“Bearing gifts instead of bad news, Newsom’s political fortunes rise as California reopens” [Los Angeles Times]. ““The recall thrived because of the pandemic, and now it’s going to wither because of the pandemic,” said Democratic political consultant Rose Kapolczynski, who was former Sen. Barbara Boxer’s chief campaign advisor. ‘In the end voters know the governor isn’t perfect, but he’s delivering on what they want most, which is reopening the state.’ Given California’s low coronavirus infection rates and high vaccination levels, Newsom’s move to rescind restrictions is likely to ensure the shutdowns and political errors that helped fuel dissension fade into memories by the time voters head to the polls, observers of state politics say. The state’s recovery, combined with the desire of Californians to get on with their lives, also drains oxygen from the recall effort.” • Plus you can’t beat something with nothing. Who’s the serious Republican alternative?

“People impersonating election officials are knocking on doors in Yavapai County, sheriff warns” [AZ Central]. “People are knocking on the doors of Yavapai County residents and asking how they voted in the last election, while falsely claiming to represent the county recorder’s office, sheriff’s office officials said. The mysterious door-to-door survey, which has alarmed local officials, comes after the U.S. Department of Justice warned the Arizona Senate against plans to canvass voters’ homes as part of an unprecedented review of November’s election. Meanwhile, backers of the Senate’s audit have organized their own such door-to-door efforts.” • Why can’t Republicans go to brunch, for a change?

Stats Watch

Construction: “May 2021 Residential Building Growth Rate Slows” [Econintersect]. “Headline residential building permits and construction completions rate of growth slowed. The rolling averages improved for both permits and construction completions.”

* * *

Carbon: “Top Oil Traders Say Emissions Market Could Challenge Crude” [Bloomberg]. “The world’s largest oil traders are gearing up to profit from buying and selling pollution permits, a market that could become bigger than crude as global leaders seek to limit the impact of climate change. The global carbon market has the potential to be 10 times the size of crude oil trading, said Hannah Hauman, global head of carbon trading at Trafigura Group, the second-largest oil and metals trader. Hedge fund Andurand Capital LLP — historically known for its fossil fuel bets — expects the cost of polluting to double before some new emissions-cutting technologies kick in. Oil traders including Vitol and Trafigura, as well as a host of hedge funds have been building up trading desks to profit from one of the hottest commodities trades of the year. Traders are bracing for tighter supplies as the European Union is preparing for the markets biggest reform to date to align emissions trading with a stricter climate goal for the next decade.”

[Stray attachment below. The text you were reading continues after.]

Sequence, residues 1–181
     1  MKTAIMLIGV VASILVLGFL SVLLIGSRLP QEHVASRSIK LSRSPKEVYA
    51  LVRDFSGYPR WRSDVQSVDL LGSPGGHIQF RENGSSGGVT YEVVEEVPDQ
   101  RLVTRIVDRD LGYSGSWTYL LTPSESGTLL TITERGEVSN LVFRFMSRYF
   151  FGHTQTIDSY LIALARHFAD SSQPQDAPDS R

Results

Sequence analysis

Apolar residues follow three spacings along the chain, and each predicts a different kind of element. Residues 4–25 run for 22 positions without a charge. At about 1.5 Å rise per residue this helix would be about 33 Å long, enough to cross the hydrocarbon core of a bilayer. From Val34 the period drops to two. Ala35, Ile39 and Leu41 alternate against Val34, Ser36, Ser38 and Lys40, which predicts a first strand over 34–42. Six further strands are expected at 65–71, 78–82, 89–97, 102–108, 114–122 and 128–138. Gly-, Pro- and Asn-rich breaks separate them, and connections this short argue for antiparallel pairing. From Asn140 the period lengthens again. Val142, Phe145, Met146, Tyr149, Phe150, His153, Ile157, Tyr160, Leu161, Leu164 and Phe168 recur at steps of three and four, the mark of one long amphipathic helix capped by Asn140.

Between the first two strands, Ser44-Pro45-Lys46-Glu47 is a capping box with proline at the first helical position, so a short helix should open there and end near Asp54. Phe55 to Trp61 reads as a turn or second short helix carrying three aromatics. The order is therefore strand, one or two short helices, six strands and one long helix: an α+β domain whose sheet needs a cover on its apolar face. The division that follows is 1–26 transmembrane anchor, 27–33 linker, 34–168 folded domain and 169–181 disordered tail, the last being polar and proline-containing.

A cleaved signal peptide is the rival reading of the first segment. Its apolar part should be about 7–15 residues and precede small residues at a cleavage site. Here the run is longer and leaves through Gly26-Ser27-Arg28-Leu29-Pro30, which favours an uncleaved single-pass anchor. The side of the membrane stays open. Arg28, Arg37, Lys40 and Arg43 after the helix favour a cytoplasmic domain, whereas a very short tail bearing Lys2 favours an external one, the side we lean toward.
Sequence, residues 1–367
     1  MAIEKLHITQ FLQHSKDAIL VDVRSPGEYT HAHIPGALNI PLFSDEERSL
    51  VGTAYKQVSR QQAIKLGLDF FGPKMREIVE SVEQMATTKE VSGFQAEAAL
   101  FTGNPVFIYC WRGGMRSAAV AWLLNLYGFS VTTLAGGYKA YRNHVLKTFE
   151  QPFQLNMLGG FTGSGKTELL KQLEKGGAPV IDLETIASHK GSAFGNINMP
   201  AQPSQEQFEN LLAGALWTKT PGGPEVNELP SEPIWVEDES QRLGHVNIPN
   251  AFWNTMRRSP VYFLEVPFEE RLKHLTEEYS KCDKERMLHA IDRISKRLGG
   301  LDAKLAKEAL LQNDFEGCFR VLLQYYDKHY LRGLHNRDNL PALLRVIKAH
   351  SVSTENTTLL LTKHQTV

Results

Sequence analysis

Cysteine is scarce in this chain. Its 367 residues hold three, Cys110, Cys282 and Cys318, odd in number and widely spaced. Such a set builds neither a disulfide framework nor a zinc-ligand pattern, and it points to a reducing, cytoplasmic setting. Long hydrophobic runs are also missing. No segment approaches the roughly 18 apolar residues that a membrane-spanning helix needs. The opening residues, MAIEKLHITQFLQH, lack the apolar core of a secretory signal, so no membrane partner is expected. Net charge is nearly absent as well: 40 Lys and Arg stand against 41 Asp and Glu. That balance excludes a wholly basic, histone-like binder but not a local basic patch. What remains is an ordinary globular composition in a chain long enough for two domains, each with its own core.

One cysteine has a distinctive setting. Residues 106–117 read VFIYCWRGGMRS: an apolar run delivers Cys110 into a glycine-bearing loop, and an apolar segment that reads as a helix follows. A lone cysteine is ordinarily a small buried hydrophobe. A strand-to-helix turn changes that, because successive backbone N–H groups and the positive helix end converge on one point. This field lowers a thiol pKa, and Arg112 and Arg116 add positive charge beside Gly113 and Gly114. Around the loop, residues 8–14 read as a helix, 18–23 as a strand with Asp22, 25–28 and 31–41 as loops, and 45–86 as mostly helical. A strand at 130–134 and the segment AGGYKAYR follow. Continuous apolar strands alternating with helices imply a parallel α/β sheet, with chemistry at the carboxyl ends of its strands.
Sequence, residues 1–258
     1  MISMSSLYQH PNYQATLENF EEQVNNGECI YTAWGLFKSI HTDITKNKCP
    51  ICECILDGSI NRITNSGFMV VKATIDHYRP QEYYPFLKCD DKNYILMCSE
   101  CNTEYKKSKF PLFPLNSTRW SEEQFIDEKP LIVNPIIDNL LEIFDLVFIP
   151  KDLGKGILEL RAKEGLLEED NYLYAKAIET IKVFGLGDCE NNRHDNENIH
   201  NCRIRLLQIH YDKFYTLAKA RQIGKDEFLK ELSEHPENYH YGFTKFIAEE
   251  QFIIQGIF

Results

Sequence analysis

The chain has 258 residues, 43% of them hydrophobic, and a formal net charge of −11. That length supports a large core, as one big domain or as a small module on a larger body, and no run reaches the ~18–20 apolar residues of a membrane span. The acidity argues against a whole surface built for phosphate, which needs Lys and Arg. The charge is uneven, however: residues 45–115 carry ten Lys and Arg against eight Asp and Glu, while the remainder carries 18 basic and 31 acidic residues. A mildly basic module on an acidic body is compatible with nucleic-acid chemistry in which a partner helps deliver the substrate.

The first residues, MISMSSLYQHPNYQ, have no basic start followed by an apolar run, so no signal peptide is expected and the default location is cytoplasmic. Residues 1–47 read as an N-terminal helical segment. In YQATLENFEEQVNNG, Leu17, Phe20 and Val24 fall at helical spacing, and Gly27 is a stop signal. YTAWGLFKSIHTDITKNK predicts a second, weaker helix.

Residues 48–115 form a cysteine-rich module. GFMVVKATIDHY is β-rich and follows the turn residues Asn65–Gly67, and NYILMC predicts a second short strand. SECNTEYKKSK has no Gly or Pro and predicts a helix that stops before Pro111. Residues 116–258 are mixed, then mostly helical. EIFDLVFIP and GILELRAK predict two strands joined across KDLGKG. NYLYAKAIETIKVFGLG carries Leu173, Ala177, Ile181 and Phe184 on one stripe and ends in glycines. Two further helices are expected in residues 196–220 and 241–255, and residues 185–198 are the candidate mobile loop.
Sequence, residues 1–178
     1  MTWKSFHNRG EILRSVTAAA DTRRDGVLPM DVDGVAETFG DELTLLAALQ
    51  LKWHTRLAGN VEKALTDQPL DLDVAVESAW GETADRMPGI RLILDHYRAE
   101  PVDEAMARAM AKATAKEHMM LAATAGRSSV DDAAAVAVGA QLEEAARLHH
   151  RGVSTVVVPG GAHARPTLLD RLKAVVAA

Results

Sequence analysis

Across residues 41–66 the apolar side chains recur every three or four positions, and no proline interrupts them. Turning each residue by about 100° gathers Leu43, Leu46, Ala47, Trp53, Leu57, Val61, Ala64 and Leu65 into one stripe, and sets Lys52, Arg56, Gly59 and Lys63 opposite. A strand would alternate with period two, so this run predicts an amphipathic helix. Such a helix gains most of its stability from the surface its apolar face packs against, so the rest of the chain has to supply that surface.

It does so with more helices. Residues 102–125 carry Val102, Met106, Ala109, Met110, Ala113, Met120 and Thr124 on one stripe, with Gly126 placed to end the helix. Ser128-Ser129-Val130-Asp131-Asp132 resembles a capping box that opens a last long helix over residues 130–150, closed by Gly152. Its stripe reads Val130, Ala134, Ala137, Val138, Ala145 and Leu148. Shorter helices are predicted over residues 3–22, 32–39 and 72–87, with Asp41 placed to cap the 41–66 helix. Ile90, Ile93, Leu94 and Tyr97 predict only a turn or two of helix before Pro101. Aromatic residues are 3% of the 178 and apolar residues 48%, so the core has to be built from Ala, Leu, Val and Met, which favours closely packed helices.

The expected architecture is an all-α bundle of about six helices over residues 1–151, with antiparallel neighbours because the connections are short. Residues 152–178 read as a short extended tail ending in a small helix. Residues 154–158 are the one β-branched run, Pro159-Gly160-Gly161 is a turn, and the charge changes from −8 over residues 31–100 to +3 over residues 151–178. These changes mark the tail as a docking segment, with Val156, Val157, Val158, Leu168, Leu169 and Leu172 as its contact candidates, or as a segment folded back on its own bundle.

Shipping: “May 2021 Sea Container Imports Sizzle” [Econintersect]. “The import container counts for the Ports of Los Angeles and Long Beach rate of growth continues in record territory. Exports are still having the worst year since 2009. Import container counts continue to surge. There is chaos in container movements with containers in the wrong place, COVID port shutdowns in China, and shortages of rail cars to move containers – however, the container situation again improved this month – but there continues a shortage of containers and unloading berths.”

Cash: “Cash use plunges during pandemic” [Financial Times]. “The Covid-19 pandemic has accelerated the decline of cash, with the volume of UK payments made using notes and coins plunging by 35 per cent in 2020 compared with the previous year. Annual payments data from UK Finance, the banking trade body, showed a corresponding rise in contactless payments, online transactions and the use of mobile “wallet” apps that store bank and card details. But the banking trade body said it was ‘too early to say’ if this would be a permanent change in consumer behaviour. Since 2017, cash use has been declining by about 15 per cent per year, so the latest figures represent a significant acceleration. During the pandemic, shoppers have been encouraged to ‘tap and pay’ to reduce contact owing to fears about the virus being transmitted via notes and coins.” • Which is entirely tendentious, since there’s no evidence whatever for fomite transmission. In fact, I’d argue that by increasing transaction times wherever there’s line, paying by phone or card increases the chances of airborne transmission.